In retrospect I think that [not supporting distributed transactions] was a mistake. We probably should have added that in because what ended up happening is a lot of people did want distributed transactions, and so they hand-rolled their own protocols, sometimes incorrectly, and it would have been better to build it into the infrastructure. So in Spanner we do have distributed transactions. We don’t have a lot of experience with it yet.

  1. I hate this video is windows only. Any ideas how to watch it on a Mac?  ()

Original title and link: Distributed Transactions Matter: Google’s Jeff Dean (NoSQL databases © myNoSQL)

Neo4j Transactions and JTA

I’ve already told you about ☞ Chris Gioran’s series on Neo4j internals. Now, he is working on providing support for pluggable JTA compliant transaction managers in Neo4j and details about the current status can be found in his ☞ last post. Anyways, before that he started with a deep dive into the Neo4j transactions and that resulted in 4 (quite long) articles:

  • ☞ Write Ahead Log and Deadlock Detection

    In this post I will write a bit about two different components that can be explained somewhat in isolation and upon which higher level components are build. The first is the Write Ahead Log (WAL) and the other is an implementation of a Wait-For graph that is used to detect deadlocks in Neo before they happen.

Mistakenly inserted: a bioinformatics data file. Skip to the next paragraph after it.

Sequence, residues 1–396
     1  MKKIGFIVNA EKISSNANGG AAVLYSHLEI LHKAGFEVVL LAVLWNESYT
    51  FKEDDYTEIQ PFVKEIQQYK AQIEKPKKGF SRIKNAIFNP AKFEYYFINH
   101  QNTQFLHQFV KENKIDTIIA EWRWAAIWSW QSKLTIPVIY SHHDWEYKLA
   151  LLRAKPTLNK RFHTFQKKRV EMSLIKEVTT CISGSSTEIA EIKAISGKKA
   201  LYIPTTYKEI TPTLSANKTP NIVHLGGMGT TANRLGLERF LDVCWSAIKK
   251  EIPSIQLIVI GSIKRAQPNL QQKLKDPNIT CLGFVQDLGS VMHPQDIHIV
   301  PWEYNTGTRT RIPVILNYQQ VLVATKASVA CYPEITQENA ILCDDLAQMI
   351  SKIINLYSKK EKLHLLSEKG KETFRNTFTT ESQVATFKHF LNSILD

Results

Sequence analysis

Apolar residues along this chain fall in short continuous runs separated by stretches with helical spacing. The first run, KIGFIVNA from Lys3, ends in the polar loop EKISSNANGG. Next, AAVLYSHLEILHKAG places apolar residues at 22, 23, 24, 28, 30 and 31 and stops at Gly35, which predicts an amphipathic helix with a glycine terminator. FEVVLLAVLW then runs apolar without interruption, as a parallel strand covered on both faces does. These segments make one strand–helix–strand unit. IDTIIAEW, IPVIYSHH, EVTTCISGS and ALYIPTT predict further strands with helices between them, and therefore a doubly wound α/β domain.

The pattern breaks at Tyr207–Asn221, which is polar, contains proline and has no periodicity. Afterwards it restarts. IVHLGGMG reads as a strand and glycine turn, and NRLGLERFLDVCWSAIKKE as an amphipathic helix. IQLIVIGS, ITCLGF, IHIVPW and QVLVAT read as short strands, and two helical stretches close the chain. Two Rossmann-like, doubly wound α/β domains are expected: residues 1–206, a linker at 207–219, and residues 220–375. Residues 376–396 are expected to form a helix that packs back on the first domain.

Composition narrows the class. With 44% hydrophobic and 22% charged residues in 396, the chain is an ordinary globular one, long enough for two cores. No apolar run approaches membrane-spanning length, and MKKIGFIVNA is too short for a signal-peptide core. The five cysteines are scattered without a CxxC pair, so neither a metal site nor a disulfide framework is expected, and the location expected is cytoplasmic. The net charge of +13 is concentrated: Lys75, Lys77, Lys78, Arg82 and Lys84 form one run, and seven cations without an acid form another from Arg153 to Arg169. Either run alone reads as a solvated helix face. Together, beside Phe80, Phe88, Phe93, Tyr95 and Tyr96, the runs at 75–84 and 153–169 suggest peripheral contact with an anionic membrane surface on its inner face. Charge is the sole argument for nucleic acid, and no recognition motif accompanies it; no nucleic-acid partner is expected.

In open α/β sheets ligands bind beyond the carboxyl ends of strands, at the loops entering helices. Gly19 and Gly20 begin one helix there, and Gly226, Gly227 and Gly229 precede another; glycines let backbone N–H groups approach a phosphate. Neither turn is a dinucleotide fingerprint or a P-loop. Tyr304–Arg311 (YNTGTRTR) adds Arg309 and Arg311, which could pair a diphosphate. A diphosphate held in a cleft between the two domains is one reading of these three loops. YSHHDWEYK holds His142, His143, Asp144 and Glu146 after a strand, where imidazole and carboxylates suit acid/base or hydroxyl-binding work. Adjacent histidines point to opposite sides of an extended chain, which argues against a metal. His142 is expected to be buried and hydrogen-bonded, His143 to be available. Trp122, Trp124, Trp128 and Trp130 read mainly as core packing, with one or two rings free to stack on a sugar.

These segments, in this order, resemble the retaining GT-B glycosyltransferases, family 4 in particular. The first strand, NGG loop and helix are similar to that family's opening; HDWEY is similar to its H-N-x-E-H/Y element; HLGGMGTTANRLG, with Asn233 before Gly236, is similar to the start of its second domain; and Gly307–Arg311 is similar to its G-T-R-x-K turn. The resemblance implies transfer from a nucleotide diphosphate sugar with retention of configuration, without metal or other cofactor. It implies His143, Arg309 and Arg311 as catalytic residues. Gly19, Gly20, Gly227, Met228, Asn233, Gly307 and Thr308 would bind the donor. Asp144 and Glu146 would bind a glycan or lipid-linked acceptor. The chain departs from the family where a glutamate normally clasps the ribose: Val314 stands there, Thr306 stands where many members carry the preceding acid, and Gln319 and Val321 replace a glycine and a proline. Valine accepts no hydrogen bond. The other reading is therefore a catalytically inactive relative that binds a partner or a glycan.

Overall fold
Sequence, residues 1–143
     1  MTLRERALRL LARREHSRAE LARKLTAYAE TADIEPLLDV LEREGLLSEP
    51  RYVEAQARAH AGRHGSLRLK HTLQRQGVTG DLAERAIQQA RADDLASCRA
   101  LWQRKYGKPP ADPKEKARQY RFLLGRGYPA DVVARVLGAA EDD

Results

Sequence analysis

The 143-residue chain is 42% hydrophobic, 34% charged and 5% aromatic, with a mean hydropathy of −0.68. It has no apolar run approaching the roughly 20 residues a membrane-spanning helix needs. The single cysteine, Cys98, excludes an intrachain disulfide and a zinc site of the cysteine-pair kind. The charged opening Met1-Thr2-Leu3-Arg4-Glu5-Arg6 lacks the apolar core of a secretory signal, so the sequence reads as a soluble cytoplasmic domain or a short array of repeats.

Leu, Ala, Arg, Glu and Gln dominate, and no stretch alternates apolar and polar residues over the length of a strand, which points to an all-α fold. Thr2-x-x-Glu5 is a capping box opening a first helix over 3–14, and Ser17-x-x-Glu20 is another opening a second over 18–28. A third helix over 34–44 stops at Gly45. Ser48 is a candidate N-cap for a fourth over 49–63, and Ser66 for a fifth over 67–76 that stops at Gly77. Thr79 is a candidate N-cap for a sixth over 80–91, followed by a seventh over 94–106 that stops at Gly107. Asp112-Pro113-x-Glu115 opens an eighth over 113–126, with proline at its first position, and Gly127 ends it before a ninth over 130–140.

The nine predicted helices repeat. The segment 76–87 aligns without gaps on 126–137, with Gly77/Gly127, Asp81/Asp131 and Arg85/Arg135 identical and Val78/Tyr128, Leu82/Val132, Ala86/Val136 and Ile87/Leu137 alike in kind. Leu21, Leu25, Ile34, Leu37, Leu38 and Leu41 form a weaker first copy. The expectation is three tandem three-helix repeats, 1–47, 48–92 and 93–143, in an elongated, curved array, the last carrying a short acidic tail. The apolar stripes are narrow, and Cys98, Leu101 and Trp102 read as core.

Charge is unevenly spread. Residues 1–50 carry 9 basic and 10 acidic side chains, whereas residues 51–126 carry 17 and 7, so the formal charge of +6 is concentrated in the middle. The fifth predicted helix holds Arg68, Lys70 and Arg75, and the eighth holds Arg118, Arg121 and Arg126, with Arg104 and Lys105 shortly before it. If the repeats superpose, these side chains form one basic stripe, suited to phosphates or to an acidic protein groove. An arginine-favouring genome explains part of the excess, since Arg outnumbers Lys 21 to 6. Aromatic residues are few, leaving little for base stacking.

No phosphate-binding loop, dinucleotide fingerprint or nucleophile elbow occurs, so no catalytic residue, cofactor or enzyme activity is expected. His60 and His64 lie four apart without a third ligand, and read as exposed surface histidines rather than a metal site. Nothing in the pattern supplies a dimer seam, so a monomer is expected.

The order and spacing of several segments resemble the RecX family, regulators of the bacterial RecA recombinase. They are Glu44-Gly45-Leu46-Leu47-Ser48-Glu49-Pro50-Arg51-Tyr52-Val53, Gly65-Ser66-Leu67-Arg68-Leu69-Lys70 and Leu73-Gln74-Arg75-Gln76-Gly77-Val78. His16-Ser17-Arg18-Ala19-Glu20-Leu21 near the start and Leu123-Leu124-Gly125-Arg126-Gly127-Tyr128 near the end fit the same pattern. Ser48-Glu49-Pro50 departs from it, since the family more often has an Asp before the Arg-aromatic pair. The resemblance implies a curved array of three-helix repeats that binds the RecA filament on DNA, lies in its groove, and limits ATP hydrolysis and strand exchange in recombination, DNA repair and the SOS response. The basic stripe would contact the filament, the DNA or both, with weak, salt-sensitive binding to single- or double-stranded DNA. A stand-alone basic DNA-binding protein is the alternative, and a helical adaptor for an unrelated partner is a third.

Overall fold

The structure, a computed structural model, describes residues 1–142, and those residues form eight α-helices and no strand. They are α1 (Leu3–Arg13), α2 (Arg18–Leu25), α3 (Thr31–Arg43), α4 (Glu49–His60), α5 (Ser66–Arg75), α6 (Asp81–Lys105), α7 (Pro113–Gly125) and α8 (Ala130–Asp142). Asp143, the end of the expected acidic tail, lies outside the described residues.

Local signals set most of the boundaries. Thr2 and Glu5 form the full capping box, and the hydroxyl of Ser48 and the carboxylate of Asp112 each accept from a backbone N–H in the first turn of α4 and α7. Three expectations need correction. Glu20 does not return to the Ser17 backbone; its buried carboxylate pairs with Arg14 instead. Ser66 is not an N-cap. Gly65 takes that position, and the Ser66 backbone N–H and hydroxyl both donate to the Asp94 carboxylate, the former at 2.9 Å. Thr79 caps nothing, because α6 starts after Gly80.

• ☞ XaResources, Transactions and TransactionManagers

    This time we will look into a higher level than last time, discussing the Transaction class and its implementations, Commands and TransactionManagers, touching a bit first on the subject of XAResources.

  • ☞ Xa roundup and consistency

    This post covers Data sources and XA connections, management of XaResources, and putting all these together.

  • ☞ A complete run and a conclusion

    Here I will try to follow a path from the initialization of the db engine and through the begin() of a transaction and creation of a Node to the commit and shutdown.

As I’ve estimated in my first mention of this series on Neo4j internals, Chris ends up giving up writing and starting to hack Neo4j:

Truth been told, I have reached a point where I no longer want to write about Neo but instead I want to start hacking it

Original title and link: Neo4j Transactions and JTA (NoSQL databases © myNoSQL)